Posted by Elena del Valle on August 29, 2006
By Elena del Valle, MBA
Principal, LNA World Communications
Elena del Valle, MBA
Photo: Cristian Lazzari
You are a spokesperson for your company, representing it for public speaking and media interviews. You are going about your everyday affairs, granting media interviews on a new product or service your company launched or a timely topic of general interest. All is going well and a Hispanic media representative calls. What should you do?
Should you respond to the request as you do with other general market requests? If you are wondering about the reach and importance of Latino media and Latino audiences nationwide, note that Hispanic buying power is estimated at around $700 billion a year and increasing rapidly. At the risk of stereotyping, remember Latinos are loyal buyers, especially for high ticket items, spend more than mainstream and other minority market buyers on basic products and like to purchase the best they can afford.
Is there a significant Latino media presence? Yes! Familiarize yourself with major media outlets such as Univision, one the largest which includes TV, radio, cable and online coverage; Telemundo, the second largest TV network; El Nuevo Herald in Miami, one of the highest circulation Spanish language newspapers in the country; and Terra.com, a Latino market web portal.
Deciding whether to accept the media interview opportunity will depend on a number of factors including your goals, the type of product or service to be discussed during the interview, your media interviewing abilities and Spanish language proficiency (if the interview is in Spanish). Keep in mind that many Latinos are English dominant (their only or preferred language is English) and a number of Hispanic media are in English or bilingual. This means your interview could be in English. Should you prepare your interview responses as you do with general media interviews? What steps should you take to get ready for the interview?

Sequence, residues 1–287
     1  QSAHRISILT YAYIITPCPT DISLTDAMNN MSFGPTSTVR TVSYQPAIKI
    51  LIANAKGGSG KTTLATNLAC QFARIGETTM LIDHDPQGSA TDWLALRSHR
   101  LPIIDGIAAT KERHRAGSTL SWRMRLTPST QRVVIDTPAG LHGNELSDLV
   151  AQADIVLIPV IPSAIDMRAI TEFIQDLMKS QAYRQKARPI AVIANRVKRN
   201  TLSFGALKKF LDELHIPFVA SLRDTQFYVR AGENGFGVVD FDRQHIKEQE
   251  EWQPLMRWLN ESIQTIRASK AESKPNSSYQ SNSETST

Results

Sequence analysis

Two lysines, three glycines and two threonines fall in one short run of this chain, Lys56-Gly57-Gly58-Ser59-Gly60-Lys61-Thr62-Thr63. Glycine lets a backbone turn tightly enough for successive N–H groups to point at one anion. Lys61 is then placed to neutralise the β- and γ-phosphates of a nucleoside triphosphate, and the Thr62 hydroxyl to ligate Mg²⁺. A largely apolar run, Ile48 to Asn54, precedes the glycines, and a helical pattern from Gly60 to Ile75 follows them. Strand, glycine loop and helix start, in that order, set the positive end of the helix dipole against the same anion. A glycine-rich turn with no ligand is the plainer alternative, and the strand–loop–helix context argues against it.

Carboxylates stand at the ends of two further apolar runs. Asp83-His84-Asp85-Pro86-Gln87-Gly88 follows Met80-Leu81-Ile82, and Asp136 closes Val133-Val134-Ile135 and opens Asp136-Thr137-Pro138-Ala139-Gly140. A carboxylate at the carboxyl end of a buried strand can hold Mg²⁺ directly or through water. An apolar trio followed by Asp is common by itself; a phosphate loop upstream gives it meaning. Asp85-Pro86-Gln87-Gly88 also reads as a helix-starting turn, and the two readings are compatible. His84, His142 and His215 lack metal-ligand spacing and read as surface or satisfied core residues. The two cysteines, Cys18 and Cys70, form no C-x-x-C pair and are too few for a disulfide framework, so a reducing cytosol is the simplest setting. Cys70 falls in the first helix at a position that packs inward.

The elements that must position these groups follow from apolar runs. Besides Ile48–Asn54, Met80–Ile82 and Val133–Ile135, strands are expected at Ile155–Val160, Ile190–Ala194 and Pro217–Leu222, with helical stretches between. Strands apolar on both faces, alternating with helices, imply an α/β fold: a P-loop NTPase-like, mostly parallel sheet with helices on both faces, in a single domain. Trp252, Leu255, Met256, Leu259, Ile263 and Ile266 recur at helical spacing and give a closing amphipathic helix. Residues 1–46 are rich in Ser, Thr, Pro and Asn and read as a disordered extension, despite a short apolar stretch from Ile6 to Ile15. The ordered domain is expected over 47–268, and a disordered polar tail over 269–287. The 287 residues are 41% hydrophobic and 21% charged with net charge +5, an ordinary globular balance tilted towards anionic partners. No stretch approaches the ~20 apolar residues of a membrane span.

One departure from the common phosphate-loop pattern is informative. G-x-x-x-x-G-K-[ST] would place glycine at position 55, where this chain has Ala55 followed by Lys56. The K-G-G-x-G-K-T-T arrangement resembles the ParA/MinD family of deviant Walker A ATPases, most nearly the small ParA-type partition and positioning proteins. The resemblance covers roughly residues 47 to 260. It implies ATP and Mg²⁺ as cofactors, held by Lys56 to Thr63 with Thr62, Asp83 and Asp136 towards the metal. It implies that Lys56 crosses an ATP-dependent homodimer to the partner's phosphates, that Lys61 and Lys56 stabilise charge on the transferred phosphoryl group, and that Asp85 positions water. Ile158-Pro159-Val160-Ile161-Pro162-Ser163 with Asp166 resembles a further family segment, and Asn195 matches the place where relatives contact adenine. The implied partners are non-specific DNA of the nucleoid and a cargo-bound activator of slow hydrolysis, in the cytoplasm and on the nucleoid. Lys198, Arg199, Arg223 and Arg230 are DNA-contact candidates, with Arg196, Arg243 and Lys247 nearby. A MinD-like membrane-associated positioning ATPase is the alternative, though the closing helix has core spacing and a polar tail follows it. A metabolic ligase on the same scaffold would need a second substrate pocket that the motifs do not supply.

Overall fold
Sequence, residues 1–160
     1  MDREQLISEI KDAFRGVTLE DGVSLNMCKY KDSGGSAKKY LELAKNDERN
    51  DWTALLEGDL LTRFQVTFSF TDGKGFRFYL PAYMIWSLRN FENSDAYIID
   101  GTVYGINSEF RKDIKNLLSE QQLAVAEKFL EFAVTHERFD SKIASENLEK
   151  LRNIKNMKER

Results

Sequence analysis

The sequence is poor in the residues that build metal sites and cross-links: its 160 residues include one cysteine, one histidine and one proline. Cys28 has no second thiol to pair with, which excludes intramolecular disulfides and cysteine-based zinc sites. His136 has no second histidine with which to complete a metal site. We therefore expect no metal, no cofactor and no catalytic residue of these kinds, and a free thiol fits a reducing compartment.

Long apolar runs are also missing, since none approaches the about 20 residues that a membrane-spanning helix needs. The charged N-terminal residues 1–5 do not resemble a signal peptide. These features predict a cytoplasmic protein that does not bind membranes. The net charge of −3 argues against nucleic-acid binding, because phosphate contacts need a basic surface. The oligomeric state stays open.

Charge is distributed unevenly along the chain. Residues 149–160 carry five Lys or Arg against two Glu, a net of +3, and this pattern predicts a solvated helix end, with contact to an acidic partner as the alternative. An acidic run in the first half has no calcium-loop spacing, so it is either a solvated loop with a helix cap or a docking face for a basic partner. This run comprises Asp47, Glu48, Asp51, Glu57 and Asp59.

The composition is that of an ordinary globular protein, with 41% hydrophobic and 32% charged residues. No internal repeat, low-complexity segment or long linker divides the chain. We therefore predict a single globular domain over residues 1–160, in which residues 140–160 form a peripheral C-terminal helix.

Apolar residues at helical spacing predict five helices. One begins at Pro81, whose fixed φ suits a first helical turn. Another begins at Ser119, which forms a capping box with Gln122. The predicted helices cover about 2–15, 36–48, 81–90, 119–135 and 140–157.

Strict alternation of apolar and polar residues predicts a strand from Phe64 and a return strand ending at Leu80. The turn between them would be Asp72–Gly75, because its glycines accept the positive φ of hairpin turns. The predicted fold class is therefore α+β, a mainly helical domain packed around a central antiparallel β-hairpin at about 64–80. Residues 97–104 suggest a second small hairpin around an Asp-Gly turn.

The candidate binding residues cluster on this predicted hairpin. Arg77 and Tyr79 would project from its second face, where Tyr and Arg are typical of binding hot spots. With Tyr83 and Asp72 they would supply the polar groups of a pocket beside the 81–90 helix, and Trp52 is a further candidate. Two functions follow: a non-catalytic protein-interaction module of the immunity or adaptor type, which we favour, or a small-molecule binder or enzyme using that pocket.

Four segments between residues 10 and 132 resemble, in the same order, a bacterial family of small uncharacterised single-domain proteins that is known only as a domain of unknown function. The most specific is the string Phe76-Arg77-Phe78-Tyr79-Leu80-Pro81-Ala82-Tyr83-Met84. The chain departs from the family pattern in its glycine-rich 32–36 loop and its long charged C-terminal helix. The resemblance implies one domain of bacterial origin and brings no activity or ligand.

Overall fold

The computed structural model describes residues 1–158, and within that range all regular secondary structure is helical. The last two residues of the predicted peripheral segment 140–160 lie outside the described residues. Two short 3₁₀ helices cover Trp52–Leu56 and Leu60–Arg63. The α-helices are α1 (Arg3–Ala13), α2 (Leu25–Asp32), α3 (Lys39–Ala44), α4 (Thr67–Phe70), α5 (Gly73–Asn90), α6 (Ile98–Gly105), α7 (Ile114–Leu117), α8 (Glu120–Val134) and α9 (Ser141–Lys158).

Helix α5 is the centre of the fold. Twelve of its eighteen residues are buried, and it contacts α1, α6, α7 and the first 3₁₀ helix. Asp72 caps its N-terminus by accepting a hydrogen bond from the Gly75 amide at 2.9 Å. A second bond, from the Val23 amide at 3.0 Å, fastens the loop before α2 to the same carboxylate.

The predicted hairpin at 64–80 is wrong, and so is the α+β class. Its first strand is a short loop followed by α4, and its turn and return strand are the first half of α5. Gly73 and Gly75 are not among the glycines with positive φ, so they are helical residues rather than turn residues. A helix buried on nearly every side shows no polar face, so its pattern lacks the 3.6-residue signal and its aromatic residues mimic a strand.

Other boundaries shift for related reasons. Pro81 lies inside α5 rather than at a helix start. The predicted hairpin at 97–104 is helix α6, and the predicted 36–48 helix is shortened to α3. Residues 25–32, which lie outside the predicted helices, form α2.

As with any other media interview make sure to practice, prepare and rehearse; don’t “wing it.” The viewers can tell when you are prepared. Unprepared speakers often leave the audience with a disappointing impression. As part of your preparation, find out as much as you can about the media outlet and the audience of the interview.
Following are links to some Hispanic media websites (in Spanish), to visit if you speak or read Spanish and want to learn more about Latino media:
For additional information on Latino media and Hispanic media training refer to the Hispanic Marketing & Public Relations book (Poyeen Publishing, $49.95). It includes chapter on both topics. Federico Subervi, Ph.D. and Heidi Eusebio co-authored “Latino Media: A Cultural Connection,” a chapter on Latino media. In another chapter, I discuss Hispanic media training in “Cultural Understanding Key to Effective Hispanic Media Training.”
To make the best impression consult a Hispanic market expert and/or a Latino media relations coach. He or she can help you position your product or service among Hispanics. Make sure you craft your message with the specific audience you are addressing in mind, review the information for the interview, and develop Hispanic relevant message points (a reminder of the key points you want to emphasize). Make sure your company is equipped and ready to respond to any Latino market responses resulting from the interview.
Elena del Valle is a 20-year marketing and communications veteran. She is editor and contributing author of the chapter on Hispanic media training in the Hispanic Marketing & Public Relations book (Poyeen Publishing $49.95). Additional information is available at HispanicMPR.com
“Latino Media and Hispanic Media Training” audio recording
Presenters Federico Suverbi, Ph.D. and Elena del Valle, MBA
To purchase a downloadable or CD audio recording with presentations on Hispanic media training by Elena del Valle and on Latino media by Federico Subervi, Ph.D. visit the HispanicMPR.com Resources Section